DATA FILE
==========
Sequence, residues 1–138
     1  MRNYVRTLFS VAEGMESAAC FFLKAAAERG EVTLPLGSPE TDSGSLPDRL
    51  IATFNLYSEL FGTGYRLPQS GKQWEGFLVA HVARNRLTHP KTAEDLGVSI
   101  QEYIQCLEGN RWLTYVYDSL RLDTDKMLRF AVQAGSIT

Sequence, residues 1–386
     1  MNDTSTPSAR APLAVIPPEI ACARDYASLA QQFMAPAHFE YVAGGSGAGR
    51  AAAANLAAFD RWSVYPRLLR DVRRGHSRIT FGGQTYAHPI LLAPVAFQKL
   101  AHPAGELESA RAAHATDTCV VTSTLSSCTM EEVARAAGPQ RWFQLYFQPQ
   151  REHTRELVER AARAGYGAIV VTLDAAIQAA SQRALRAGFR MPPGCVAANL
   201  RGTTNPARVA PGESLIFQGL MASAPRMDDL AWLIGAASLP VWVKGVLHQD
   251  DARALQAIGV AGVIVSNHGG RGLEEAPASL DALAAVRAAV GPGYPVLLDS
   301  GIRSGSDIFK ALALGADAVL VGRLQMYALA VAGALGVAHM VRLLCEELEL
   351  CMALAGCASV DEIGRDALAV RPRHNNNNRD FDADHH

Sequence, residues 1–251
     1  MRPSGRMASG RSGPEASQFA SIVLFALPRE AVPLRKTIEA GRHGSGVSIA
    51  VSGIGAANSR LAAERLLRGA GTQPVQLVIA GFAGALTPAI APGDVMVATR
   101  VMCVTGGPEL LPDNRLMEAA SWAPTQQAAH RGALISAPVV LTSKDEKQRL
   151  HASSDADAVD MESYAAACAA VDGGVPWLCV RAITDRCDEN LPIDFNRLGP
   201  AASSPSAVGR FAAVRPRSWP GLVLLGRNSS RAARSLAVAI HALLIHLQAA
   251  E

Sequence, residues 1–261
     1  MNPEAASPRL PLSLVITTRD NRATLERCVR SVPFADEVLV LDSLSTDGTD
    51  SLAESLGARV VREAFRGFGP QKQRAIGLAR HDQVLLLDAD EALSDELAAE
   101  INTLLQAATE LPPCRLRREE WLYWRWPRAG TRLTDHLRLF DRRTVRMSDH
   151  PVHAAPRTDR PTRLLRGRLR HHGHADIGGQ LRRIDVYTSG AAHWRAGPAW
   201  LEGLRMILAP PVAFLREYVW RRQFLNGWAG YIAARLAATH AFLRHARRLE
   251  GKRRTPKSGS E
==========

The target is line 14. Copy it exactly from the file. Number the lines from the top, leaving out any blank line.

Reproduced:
Sequence, residues 1–251